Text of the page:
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Narco Realism in Contemporary Mexican and Transnational Narrative, Film, and Online Media

Nielsen, Christopher J (2014) Narco Realism in Contemporary Mexican and Transnational Narrative, Film, and Online Media. Doctoral Dissertation, University of Pittsburgh. (Unpublished)

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This dissertation theorizes the political meaning of contemporary “narco narratives” from or about Mexico. It challenges “the narco-realist thesis,” that is, the increasingly common notion that the Mexican drug trade/war constitutes a privileged framework for interpreting Latin America as a whole. The novels, films, and online media analyzed hereing avoid the narco-realist reduction of the Hemisphere to the image of a Narco-Mexico and instead set themselves the task, at once subtler and more ambitious, of using themes of drugs and violence as a kind of magnifying glass through which to perceive, for instance, the nature of power and violence in general or even the ontological basis of reality itself. “Chapter One” equates aesthetics with ontology and explores the inherently narcotic nature of power and sovereignty in Trabajos del Reino by Yuri Herrera and La vida es sueño Pedro Calderón de la Barca. The second and third chapters expand definition of “narco narrative” by exploring “pharmacological” themes and concepts in narratives about Mexico but not directly related to drug trafficking or violence. “Chapter Two” offers analyzes how Jorge Baradit's neo-fantasy novel Ygdrasil contributes to the critique of the common apocalyptic interpretation of drug-related violence in Mexico, suggesting that any real apocalypse would derive from capitalism, not the supposedly radical evil of narcos. In “Chapter Three,” Bernard Stiegler's “pharmacological critique” of capitalism is used to analyze the political ontology of late capitalism in the films of US Latino director Alex Rivera. “Chapter Four” theorizes and the role of the environment in grass-roots resistance to cartel violence as manifested in Youtube video testimonies by drawing on theories of “object-oriented ontology.”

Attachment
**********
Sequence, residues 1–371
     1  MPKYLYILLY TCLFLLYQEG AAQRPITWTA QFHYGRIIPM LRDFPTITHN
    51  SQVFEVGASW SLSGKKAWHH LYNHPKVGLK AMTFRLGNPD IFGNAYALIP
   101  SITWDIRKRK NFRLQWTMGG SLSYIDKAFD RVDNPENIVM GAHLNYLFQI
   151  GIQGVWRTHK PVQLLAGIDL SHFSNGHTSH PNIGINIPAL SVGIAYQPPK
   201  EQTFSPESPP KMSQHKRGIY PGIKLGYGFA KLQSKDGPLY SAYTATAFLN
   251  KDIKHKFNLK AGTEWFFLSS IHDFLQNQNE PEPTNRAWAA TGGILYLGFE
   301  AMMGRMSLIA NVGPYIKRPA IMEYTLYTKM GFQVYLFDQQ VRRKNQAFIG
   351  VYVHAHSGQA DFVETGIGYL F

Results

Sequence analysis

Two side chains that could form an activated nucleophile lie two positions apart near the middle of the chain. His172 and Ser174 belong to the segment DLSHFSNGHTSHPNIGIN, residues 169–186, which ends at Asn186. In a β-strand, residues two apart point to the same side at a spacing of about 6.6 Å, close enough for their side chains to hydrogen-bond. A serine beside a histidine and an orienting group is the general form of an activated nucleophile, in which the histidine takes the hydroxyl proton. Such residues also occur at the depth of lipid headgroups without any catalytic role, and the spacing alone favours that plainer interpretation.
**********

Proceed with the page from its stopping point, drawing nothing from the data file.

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Item Type: University of Pittsburgh ETD
Status: Unpublished
CreatorsEmailPitt UsernameORCID
Nielsen, Christopher
ETD Committee:
TitleMemberEmail AddressPitt UsernameORCID
Committee ChairDuchesne-Winter, Juanduchesne@pitt.eduDUCHESNE
Committee MemberBeverley, Johnbrq@pitt.eduBRQ
Committee MemberLund, Joshuajkl7@pitt.eduJKL7
Committee MemberMecchia, Giuseppinamecchia@pitt.eduMECCHIA
Date: 24 September 2014
Date Type: Publication
Defense Date: 28 April 2014
Approval Date: 24 September 2014
Submission Date: 14 August 2014
Access Restriction: 4 year -- Restrict access to University of Pittsburgh for a period of 4 years.
Number of Pages: 169
Institution: University of Pittsburgh
Schools and Programs: Dietrich School of Arts and Sciences > Hispanic Languages and Literatures
Degree: PhD - Doctor of Philosophy
Thesis Type: Doctoral Dissertation
Refereed: Yes
Uncontrolled Keywords: Narco Literature, Mexico, Contemporary Latin America, Political Economy, Ontology
Date Deposited: 24 Sep 2014 16:51
Last Modified: 24 Sep 2018 05:15


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